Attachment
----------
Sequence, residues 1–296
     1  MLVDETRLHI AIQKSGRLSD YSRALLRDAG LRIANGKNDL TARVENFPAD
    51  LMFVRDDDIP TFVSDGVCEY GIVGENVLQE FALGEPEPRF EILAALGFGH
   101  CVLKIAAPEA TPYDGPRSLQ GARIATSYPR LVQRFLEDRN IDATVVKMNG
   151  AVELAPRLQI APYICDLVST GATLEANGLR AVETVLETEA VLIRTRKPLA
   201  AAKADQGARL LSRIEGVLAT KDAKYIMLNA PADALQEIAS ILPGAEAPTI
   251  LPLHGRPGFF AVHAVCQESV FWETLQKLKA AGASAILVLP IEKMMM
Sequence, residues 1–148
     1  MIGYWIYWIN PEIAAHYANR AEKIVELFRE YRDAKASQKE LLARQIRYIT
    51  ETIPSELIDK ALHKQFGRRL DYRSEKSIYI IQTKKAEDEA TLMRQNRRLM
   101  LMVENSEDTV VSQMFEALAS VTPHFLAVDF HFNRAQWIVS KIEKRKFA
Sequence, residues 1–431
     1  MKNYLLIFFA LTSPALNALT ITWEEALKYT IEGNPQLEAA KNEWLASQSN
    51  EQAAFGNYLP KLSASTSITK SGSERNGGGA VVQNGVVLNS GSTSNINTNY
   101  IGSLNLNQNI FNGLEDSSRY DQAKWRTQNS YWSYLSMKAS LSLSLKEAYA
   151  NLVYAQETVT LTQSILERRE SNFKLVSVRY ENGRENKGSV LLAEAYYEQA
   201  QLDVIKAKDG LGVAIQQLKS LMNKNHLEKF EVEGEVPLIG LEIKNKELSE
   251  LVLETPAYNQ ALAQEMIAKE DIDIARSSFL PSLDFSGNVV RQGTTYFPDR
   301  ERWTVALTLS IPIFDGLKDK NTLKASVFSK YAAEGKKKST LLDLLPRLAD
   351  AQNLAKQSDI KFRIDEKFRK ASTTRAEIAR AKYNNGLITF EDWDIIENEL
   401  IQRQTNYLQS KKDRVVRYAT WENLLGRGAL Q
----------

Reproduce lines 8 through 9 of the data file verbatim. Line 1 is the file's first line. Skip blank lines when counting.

Sequence, residues 1–148
     1  MIGYWIYWIN PEIAAHYANR AEKIVELFRE YRDAKASQKE LLARQIRYIT